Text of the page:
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Scientists Decode Dead Sea Scrolls with DNA and Infrared Digital Photography
Digital (top) and digital infrared images of the Genesis Apocryphon
[Photographed by Michael Maggen, Paper Conservation Laboratory; Copyright the Israel Museum Jerusalem]
Sixty years after the accidental discovery of the Dead Sea Scrolls by a Bedouin shepherd in the caves of Qumran, powerful technologies like infrared digital photography and DNA analysis are helping scientists piece together more than 40,000 fragments of the ancient manuscripts. The work is offering a glimpse into the foundations of monotheism and its early adherents, a top scrolls scholar said at AAAS.
In a lecture sponsored by the AAAS Dialogue on Science, Ethics, and Religion (DoSER), Adolfo Roitman, curator of the Shrine of the Book at the Israel Museum in Jerusalem, told a packed auditorium that while many texts were well-preserved in the dry Judean desert air, scientists were forced to turn to DNA analysis to assemble the ancient fragments into their original manuscripts.
"There are no [similar books] known before Qumran," Roitman said during his 18 October talk at AAAS headquarters. "How to you reconstruct a book that is unknown? You use DNA."
Scientists hope to reconstruct several documents by establishing genetic fingerprints for the animal and papyrus parchment fragments and matching them with others containing the same DNA.
DNA has also allowed researchers to identify a potential hierarchy of manuscript importance by focusing on the species of animal hide used in its production.
Scientists believe that documents written on hides from animals considered ritually pure by Judaic tradition, goat or calf, have a higher ritual importance.
For example, archaeologists contend that the nine-meter Temple Scroll, which provides a detailed procedure for reconstructing the ideal Temple in Jerusalem and is written on goat hides, is among the most ritually significant discoveries at Qumran.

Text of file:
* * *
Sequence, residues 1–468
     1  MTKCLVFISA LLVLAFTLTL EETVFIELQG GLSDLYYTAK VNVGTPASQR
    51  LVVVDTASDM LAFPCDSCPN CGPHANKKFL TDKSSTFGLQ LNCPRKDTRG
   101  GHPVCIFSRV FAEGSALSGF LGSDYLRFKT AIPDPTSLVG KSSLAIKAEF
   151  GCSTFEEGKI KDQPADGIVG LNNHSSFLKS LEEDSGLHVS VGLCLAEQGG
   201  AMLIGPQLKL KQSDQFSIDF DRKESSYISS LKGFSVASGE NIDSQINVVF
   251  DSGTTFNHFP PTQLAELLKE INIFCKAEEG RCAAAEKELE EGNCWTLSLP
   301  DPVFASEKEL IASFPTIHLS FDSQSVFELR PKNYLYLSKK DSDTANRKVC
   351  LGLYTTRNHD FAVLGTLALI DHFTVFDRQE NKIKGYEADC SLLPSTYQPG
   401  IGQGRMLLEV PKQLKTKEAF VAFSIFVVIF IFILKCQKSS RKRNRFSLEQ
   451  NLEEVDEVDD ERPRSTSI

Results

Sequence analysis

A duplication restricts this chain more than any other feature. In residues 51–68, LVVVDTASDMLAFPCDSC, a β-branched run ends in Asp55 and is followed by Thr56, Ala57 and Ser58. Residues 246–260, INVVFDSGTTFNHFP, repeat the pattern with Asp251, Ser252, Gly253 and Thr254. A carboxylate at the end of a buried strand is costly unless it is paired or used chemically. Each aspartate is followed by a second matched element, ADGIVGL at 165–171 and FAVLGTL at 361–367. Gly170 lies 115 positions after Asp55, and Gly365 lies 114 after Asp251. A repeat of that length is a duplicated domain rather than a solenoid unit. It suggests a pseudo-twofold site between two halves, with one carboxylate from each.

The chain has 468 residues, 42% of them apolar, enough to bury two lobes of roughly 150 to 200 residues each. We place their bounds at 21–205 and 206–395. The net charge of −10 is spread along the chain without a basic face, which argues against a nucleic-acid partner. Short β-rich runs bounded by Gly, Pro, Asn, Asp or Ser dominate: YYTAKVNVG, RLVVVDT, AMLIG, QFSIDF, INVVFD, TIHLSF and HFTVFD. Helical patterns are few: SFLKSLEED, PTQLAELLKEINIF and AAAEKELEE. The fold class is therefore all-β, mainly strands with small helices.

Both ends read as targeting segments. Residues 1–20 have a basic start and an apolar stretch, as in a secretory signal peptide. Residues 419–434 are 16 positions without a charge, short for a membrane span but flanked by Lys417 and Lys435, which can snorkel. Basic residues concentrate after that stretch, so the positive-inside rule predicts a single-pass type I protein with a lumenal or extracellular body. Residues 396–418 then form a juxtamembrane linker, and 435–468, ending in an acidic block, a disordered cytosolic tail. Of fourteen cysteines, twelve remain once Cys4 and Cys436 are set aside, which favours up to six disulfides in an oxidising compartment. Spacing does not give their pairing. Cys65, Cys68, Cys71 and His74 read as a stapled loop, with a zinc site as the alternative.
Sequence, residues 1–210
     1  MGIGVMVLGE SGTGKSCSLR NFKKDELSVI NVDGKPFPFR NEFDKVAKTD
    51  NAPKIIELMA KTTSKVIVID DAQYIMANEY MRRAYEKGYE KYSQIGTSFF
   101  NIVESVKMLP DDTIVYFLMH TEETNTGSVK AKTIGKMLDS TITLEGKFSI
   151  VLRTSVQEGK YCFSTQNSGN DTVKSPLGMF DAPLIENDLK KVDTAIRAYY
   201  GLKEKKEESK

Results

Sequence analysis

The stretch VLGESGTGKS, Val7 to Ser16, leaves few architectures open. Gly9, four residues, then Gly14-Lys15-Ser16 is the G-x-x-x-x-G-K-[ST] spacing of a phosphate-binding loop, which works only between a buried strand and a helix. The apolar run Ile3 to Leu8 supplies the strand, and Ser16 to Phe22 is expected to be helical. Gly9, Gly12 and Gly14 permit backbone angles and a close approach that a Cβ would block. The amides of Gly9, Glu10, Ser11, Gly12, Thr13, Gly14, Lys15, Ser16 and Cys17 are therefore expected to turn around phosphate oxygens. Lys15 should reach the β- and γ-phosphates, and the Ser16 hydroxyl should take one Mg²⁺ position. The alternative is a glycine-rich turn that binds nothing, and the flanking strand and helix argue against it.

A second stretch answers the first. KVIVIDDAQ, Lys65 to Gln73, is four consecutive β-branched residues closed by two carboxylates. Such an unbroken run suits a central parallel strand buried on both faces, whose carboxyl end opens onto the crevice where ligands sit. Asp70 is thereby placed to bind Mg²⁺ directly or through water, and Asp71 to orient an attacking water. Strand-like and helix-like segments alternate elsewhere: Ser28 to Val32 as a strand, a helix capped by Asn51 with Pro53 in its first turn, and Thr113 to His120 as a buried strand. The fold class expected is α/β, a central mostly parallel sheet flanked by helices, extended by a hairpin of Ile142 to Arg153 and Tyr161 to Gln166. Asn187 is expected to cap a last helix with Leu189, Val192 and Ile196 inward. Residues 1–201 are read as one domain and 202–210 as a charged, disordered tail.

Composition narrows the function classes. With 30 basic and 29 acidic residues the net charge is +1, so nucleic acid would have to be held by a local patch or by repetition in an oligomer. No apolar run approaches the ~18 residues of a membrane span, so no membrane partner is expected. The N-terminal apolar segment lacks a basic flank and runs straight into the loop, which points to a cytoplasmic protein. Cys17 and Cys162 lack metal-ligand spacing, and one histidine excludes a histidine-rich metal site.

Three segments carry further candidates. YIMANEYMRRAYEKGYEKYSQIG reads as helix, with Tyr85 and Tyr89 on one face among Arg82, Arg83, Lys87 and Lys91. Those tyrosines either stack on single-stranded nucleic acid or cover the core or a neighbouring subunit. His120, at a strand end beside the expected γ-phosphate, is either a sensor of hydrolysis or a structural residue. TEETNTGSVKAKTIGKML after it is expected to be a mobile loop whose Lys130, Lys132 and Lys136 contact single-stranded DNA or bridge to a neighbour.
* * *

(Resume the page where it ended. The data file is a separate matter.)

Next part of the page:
Conversely, scholars believe those fragments "written on gazelle or ibex, which are clean but not ritually pure," are of less religious importance.
To date, archaeologists have uncovered roughly 40,000 fragments from more than 900 different manuscripts in 11 caves near the ancient ruins of Qumran on the northwest shore of the Dead Sea. Most were found wrapped in linen and stored in clay pots.
Excavated between 1947 and 1956, the texts are composed of three types of documents; biblical manuscripts, early versions of the canonical Old Testament; apocrypha, non-canonical books similar to those in the Old Testament; and commentaries, other documents discussing Biblical books and law.
While some texts are written in Aramaic or Greek, 80-85% are in one of three Hebrew scripts, including proto-Tannaitic Hebrew found on the Copper Scroll, a manuscript written on thin copper sheets detailing 64 buried gold and silver treasures.
"[The Copper Scroll] is a story that reminds us of Indiana Jones," Roitman joked. "You have Bedouins, Jews, treasures, and ancient manuscripts!"
In 1949, scientists using carbon-14 dating techniques dated the Dead Sea Scrolls to be somewhere between 1900 and 2200 years old, at that time predating the oldest known Biblical texts in Hebrew, the medieval Aleppo Codex (Tiberias, 920 CE) and Leningrad Codex (Cairo, 1010 CE), by more than 1000 years.
In dating the manuscripts, scientists were forced to examine the linen wrappings because until the late 1970s, five-10 grams of material had to be burned to get a proper carbon-14 analysis.